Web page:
What’s your approach to purchasing?

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  1. Found you through the cheddarblock on MMM. Nice article. I have found that if I desire something and put it out to the universe that the thing eventually materializes. Sometimes putting it out to the universe might be a group text to family and friends or a sign on a telephone pole. Sometimes it is just the thought itself. I desired a friend — I looked for friends — I found friends. Funny, how the more friends I have, the less “things” I want or need?

    1. So glad you found us! Thanks for saying hi! I like that idea–put it out into the universe and if you need it, it will come. Nice!

      1. I have done that. 1. One time I was out on the Blue Ridge Parkway and sighed about how I would love to have a telephoto lens camera to take beautiful pix. About 1/2 hour later, I FOUND one laying on the path! I checked it thoroughly for any ID and would have contacted the owner if I could but there was none. We were miles from the ranger station, so the chance of it being picked up at a lost and found were remote.
        2. I needed a stainless steel stock pot to boil chicken for our elderly cat. That afternoon I found a copper bottom Revere Ware in perfect condition at the Goodwill for about $5.00.
        3. I needed an SLR for a camera class. That weekend I found a Pentax 50mm at a yardsale for $2.00
        4. My old kitty passed on . I wanted a kitty and couldn’t afford the rescue groups fees for adoptions because I had lost my job. A friend of a friend called me up and said ” TOO MANY CATS! Come get your new kitten!” She was spayed and had had her shots and was wormed.
        I have done this many times but these are four of the biggies.

        1. Those are wonderful examples! I absolutely love how that works. It’s such a virtuous cycle of things not going to waste. Thank you for sharing!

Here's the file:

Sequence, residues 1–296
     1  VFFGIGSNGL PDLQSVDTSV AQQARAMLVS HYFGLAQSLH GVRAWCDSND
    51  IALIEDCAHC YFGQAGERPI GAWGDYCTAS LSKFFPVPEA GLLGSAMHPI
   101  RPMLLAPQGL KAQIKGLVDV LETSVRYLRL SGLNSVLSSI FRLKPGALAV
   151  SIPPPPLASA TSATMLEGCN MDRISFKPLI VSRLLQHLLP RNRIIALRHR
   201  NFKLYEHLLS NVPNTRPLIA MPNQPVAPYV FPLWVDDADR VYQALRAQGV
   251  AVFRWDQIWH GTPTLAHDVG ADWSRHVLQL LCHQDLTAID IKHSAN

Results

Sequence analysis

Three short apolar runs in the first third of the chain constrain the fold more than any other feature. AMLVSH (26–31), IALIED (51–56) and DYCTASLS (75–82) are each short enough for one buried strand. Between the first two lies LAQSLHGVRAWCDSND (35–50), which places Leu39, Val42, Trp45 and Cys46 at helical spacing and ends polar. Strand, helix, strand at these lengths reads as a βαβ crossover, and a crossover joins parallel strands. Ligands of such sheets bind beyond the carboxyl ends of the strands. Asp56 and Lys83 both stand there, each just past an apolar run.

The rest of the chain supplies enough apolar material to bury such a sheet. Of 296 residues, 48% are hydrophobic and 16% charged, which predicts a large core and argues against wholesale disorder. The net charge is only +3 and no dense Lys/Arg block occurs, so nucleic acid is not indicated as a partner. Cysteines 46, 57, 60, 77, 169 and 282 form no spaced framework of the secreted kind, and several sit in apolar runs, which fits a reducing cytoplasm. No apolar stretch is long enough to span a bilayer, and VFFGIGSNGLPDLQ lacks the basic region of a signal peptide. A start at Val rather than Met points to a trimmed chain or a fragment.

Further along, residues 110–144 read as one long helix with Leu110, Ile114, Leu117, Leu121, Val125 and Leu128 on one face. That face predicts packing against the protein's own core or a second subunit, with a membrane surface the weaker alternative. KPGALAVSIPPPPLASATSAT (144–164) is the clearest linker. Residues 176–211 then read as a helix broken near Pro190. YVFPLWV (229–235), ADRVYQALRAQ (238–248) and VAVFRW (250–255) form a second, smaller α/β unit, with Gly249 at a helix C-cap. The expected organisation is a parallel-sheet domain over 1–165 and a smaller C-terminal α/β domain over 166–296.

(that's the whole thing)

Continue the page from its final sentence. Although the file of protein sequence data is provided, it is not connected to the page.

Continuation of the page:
2. We wanted the heated mattress pad too since we try to keep the heat down at night. We waited until they were marked 60% off at the end of season, and bought a heated BLANKET instead.
    They say the blankets aren’t designed to be laid on like a pad, but we do it anyway. Just put it under the sheet like normal. It works perfectly well, and even has dual controls which we love!
    Maybe you could watch for the clearance end of season and find a bargain. 🙂 Oh and of course, don’t forget the end of season discounted FLANNEL sheets, those will really help keep you warm!

    1. Oh and we also traded out the mismatched plastic make -do containers for purex glass containers. I love them! They don’t hold odors, heat well, can go in the dishwasher, and it feels so much nicer eating out of glass than plastic.

      1. Agreed! The glass containers were well worth the initial expense. We use them every single day and have been so pleased with how well they’re holding up. Thanks so much for stopping by!

        1. Or maybe do like my Grandma did… keep the leftovers in a bowl/dish, place a plate over it and pop it in the fridge. No plastic, no need to buy containers of any sort, and reheat the food in the same bowl–less dish washing too.

  3. This is a great list and it would definitely help me with my frugality goals when I need to make a purchase. Pretty much what I do right now is wait to purchase something for a few weeks. If I continue to obsess about something, I may go buy it, but oftentimes I forget about the object and move on with my life (and my money!)

    1. So true! I look back at lists I made of things I “needed” and often, I’m like, What? Why on earth did I think I needed that? Glad I didn’t buy it immediately!

  4. Hi, I found your site the other day and am reading all the back posts – loving the daft greyhound pics!
    I just wondered what the lids for the glass dishes are like – the ones I’ve seen are flexible plastic that looks like it would split after a while? I’ve got a similar cupboard full of mismatched plastic tubs and was thinking of replacing the lot with new clipseal plastic tubs, but now wondering if glass would be better.

    1. Thank you so much for stopping by and saying hi! I’m so glad you found us :). We actually have two different sets of glass tupperware–we cook in large batches and need a lot of storage. One set is Pyrex brand and the lids are a red plastic, but they’re extremely durable. They’ve been running through our dishwasher for several years now and show no signs of deteriorating. The other set we have is Glasslock brand, which has snapping lids that lock closed and are even more durable than the Pyrex lids. This is the Glasslock set we have: here